As lockdown requirements eased on the 12th of March, we took the decision to open our auction hall to physical attendees for the first time, with a week of launch events lined up. In the weeks running up to the event we invested in a significant direct mail, telesales and PPC campaign in order to re-activate interest in attending our launch events.
PPC played a key-part in managing the message of ‘we are opening the doors’ from both a brand and non-brand angle, with the key CTA to ‘register interest’ in attending the sale. Ask part of our pre-launch planning we invited Wakefield Council to audit our site, to create a code of conduct to ensure the safety of both staff and visitors.
Measures included enforcing mask wearing across the site at all times and issuing G3 masks those who arrive without one, highlighting our branded hand sanitisation units across the site and creating safe budding zones for buyers to stay a clear 2-meter distance from each other. We also took the business decision to manage the numbers on site at any one time and therefore required all visitors to pre-register via our online booking system.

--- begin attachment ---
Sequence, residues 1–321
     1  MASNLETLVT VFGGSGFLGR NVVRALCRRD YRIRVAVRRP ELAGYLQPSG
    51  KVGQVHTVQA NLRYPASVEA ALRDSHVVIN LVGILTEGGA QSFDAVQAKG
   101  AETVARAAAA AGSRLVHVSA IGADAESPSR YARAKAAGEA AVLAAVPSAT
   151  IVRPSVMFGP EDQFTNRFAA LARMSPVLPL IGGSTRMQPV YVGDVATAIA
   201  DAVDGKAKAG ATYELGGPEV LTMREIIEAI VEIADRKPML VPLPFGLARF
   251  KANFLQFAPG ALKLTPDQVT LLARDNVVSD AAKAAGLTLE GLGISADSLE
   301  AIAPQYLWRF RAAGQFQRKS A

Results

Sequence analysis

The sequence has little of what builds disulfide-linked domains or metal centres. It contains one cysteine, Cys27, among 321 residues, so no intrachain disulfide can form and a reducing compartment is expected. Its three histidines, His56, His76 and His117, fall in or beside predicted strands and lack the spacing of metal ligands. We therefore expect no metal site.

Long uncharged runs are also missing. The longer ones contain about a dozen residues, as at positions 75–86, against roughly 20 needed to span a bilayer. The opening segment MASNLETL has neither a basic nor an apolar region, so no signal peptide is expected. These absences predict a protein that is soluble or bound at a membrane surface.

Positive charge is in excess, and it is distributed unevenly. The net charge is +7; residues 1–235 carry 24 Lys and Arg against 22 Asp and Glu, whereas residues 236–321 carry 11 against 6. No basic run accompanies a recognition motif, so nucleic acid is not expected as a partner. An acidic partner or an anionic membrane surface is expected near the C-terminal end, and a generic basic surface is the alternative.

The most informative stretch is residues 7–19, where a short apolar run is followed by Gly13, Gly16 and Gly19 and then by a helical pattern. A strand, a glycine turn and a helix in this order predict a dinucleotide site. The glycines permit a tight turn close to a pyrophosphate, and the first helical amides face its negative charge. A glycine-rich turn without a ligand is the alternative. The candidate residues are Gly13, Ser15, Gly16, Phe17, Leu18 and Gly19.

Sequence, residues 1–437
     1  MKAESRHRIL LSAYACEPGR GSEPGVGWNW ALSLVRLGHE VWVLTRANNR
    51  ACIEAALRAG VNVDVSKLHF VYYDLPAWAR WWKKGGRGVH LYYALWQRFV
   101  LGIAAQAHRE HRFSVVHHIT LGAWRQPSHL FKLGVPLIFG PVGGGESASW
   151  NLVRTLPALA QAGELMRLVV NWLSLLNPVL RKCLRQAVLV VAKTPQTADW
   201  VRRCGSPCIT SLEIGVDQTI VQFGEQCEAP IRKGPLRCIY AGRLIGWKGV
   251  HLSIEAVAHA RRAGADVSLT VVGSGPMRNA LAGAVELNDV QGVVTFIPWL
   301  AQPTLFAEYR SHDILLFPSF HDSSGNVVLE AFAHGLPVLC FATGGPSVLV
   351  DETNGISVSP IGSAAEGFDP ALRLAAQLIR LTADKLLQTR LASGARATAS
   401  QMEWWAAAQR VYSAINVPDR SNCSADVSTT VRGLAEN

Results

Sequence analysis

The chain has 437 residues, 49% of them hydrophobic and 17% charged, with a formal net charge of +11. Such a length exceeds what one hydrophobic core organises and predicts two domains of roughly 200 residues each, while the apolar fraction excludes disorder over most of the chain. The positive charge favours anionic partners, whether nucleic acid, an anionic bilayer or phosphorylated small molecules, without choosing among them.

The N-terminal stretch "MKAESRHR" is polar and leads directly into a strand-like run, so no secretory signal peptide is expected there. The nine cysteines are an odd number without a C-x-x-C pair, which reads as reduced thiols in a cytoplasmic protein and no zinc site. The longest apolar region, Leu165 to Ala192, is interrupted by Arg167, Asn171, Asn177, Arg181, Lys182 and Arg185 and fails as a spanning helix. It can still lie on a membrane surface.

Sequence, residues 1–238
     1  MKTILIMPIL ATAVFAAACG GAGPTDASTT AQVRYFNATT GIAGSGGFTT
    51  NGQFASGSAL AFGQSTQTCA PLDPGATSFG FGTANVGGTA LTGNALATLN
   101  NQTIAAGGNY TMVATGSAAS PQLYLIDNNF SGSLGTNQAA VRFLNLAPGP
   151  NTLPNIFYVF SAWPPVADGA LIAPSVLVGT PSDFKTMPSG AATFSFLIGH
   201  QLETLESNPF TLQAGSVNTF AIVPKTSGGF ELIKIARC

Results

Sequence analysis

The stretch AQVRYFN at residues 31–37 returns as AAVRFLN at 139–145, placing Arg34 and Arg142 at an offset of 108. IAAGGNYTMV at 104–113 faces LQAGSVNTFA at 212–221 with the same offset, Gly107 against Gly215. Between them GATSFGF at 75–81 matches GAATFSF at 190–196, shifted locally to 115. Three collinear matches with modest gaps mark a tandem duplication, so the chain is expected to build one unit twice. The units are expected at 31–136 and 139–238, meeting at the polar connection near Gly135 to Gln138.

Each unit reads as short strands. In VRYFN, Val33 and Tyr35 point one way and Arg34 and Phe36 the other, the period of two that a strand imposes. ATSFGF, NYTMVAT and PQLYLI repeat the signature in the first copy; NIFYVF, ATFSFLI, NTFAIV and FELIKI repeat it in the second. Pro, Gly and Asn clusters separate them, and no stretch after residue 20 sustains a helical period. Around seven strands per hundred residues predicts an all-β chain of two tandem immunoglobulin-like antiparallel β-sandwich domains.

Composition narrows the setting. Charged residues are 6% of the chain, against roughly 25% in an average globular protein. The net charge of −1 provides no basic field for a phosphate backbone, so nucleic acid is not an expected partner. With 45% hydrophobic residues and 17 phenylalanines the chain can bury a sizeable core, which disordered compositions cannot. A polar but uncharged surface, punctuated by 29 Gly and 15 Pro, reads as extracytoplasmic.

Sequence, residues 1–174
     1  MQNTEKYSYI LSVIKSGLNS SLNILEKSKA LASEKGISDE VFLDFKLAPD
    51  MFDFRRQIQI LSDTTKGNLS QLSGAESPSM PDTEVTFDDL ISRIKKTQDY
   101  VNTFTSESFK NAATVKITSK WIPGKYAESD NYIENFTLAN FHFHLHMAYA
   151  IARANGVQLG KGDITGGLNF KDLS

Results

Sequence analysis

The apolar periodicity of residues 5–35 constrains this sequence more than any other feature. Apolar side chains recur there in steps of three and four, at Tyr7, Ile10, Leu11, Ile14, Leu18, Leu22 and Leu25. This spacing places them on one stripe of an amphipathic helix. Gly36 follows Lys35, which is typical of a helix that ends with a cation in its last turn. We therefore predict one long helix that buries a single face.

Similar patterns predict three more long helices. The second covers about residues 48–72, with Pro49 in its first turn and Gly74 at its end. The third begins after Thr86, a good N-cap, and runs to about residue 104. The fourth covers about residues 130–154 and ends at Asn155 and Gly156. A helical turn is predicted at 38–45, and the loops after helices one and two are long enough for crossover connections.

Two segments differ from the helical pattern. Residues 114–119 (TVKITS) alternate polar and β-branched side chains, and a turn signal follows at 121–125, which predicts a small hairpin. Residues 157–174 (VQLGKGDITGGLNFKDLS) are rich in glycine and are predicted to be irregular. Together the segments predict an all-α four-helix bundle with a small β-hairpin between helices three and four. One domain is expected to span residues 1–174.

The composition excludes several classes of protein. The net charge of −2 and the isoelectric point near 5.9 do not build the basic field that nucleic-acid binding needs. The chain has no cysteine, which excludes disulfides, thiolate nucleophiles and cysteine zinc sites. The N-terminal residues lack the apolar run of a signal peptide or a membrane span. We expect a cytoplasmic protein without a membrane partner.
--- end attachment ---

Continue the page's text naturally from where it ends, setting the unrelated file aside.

The nature of the direct mail and PPC campaign was to reaffirm this message and direct potential buyers to the registration form well ahead of the sale events in order for us to create a ‘guestlist’ for the day.
The results led to over 1,000 applicants for our 3 sales in the launch week, including over 40% of new account applications supported by the prospecting and competitor-brand campaigns managed by Logica across both Google and social media.
It’s now 6-weeks since we launched and we are still using this pre-register system and benefiting from this approach and are now discussing the next phase of marketing to prospect for new buyers with further PPC investment social.
Share the important information
Life isn’t likely to return to anything like normal for a while, so you should adapt your social media and content updates accordingly. Stay reactive in relation to changes to current guidelines or the general public mood and needs. Meanwhile, sharing inspiring or useful content around the current situation is a great way to stay relevant and sensitive.